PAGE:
Coroner, Quebec, resented the delay in taking the nurse to the smashing Residence Heron.


Montreal — Coroner’s testimony about the situation in a long-term care facility outside Montreal, which killed 47 people during the first wave of the COVID-19 pandemic, shows how long it will take her to get proper help from residents on Friday. He said he was shocked.

Géhane Kamel talks to a team of 12 nurses he hired from a nurse arriving at Résidence Herron on April 9, 2020, about 10 days after the local health authorities saw the dire situation in person. I commented after hearing.

Prior to that, community health officials serving western Montreal helped in a seriously understaffed private care facility, but received very few formal nursing training. ..

Kamel is Que by a qualified nurse. I was wondering how long it would take to get to Dorval’s home.

“I’m a little appalled,” she said. “On April 9, it was nearly 10 days that we found those people dying slowly. As a society, we abandoned them.”

Asked why it took so long to place frontline staff at Heron’s facility, nurse Marie Eve Ronpre said her boss officially managed a private care facility and was completely in control. He said he told her he wasn’t authorized to take charge.

A nurse at St Mary’s Hospital in Montreal, Ronpre, who formed a team to help Heron, was emotional and sometimes weeping at the stand.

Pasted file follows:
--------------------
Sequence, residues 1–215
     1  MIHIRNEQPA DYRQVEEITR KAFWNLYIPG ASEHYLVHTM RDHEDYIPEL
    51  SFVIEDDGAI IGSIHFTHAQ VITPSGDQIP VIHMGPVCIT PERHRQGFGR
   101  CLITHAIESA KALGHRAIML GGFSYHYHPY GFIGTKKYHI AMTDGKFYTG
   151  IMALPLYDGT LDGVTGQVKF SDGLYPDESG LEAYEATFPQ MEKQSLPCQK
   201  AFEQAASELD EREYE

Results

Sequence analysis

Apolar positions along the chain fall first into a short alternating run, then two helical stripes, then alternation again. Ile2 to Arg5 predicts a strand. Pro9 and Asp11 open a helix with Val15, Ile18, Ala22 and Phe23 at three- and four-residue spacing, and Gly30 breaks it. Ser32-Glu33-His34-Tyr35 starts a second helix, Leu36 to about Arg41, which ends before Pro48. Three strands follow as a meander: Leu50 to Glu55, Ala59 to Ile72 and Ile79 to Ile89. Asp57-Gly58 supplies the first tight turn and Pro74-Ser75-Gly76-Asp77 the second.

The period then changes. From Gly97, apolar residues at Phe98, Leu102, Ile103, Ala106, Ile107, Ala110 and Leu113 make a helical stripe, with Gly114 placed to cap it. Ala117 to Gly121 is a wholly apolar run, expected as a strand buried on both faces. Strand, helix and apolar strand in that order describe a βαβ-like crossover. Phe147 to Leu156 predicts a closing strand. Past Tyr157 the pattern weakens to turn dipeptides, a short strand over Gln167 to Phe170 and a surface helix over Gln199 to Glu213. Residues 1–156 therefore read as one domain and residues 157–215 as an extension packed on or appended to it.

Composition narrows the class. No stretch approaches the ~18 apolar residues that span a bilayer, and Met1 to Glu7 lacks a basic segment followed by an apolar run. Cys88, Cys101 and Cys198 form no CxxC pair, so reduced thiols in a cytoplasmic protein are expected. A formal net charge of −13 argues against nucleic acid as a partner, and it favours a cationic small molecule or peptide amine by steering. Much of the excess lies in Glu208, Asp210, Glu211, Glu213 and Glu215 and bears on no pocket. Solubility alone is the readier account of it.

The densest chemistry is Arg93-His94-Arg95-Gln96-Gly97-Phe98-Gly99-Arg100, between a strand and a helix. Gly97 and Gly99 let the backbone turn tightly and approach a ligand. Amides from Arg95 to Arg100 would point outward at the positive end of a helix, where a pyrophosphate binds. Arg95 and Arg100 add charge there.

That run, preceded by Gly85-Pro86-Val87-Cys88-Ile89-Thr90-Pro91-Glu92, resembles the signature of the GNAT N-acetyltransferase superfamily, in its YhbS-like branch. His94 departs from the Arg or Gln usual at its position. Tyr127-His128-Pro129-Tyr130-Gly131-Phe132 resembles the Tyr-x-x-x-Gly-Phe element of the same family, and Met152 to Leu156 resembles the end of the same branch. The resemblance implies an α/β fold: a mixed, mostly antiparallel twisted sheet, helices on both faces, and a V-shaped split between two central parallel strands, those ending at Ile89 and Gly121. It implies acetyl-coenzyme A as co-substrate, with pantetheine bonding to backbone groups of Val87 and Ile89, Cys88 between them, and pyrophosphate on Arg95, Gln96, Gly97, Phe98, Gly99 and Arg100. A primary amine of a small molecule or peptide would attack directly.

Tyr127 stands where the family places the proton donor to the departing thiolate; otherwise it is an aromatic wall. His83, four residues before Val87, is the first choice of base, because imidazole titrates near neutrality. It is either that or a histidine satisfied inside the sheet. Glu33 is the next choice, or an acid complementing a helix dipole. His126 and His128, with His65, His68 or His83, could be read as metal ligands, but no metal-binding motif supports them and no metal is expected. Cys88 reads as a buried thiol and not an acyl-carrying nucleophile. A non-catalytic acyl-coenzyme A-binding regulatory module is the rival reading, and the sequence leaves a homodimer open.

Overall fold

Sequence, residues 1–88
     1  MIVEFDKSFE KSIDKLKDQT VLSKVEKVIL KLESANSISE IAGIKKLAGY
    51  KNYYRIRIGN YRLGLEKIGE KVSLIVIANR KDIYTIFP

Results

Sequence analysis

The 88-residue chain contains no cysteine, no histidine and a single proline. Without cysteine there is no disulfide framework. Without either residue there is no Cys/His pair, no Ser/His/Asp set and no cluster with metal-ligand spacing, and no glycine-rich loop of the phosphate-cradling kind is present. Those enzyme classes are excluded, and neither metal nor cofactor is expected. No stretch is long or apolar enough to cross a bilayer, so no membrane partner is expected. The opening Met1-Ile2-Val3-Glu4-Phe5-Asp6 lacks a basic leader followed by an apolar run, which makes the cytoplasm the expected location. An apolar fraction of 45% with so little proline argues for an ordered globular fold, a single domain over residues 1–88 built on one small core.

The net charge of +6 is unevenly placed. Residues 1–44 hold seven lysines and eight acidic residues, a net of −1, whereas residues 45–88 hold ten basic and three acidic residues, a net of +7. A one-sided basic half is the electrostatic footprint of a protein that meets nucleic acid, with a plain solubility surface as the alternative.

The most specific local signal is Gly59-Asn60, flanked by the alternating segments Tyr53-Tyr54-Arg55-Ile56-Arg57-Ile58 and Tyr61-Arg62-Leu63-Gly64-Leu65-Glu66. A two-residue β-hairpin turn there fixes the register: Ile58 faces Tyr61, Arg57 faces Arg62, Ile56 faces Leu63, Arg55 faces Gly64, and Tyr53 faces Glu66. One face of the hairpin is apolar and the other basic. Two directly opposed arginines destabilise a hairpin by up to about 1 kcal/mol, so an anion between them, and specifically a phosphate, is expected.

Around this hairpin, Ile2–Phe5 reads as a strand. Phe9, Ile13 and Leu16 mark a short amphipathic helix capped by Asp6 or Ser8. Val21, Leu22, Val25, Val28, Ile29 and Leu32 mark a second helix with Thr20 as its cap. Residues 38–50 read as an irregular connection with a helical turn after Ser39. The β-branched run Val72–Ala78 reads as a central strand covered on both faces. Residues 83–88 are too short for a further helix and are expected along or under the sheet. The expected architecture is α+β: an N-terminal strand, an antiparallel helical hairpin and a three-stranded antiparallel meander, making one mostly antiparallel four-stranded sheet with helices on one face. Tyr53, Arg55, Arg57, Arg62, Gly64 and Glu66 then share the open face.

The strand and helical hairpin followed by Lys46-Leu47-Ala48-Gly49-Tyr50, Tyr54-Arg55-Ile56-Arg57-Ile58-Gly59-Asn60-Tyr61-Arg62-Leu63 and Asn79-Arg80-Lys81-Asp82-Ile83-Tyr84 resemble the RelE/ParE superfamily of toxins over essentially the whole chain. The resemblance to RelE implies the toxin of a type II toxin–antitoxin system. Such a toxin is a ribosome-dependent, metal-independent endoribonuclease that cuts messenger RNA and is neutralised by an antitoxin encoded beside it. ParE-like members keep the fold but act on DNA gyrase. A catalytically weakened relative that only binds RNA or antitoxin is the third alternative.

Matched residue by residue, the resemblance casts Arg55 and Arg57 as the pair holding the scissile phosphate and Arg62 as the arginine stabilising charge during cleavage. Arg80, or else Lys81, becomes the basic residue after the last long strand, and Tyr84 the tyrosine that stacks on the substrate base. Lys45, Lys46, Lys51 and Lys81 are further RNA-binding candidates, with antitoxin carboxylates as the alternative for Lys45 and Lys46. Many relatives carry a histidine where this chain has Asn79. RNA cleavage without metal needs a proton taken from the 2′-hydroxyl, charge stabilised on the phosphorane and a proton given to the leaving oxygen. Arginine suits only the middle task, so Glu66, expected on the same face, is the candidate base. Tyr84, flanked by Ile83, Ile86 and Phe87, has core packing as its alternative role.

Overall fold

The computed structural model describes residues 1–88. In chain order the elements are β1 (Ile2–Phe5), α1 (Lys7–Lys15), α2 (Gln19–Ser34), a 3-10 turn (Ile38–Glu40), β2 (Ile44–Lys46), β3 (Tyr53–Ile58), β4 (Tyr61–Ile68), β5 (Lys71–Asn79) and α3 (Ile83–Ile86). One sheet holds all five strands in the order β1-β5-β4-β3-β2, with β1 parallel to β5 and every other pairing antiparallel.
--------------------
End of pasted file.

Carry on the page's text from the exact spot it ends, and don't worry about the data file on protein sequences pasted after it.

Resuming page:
She said that only four hours after the scene, some nurses wanted to leave and were completely depressed. And some of the problems with Heron preceded the pandemic.

She described a resident who came to her in dirty clothes, and when she suggested a bath, the resident asked if towels were available. Upon examining the file, Ronpre found that every week since December 2019, the notation “no towels” was entered when the resident was supposed to take a bath.

Lompre also said he saw an unconscious hypothermic resident in the room. At the same time, the phone in the room rang and it was the woman’s husband. The nurse woke up, opened her eyes, noticed her husband’s voice, and began to cry. The resident told her husband that she thought she couldn’t survive and was later transferred to a hospital where she died.

Later on Friday, Elene Paradis, chief pharmacist at the local health authority, described the disorganized pharmacy in her home.

The nurse sent to help couldn’t find the medicine she needed, so she had to clean it. Paradis said he found the drug in 2016 and 2017, and in some cases in 1994.

Paradis said he found an open insulin and drug vial wrapped in frost in the freezer. The narcotics were improperly stored and there were no doses.

“You’re explaining dangerous practices,” said Dr. Jack Ramsey, a coroner who supports Camel.

After cleaning up, Paradis said he needed to get rid of the equivalent of a dozen large trash bags.

Camel’s study investigated 53 deaths in six long-term care facilities and one elderly home during the first wave of the pandemic.

By Lia Lévesque

Canadian press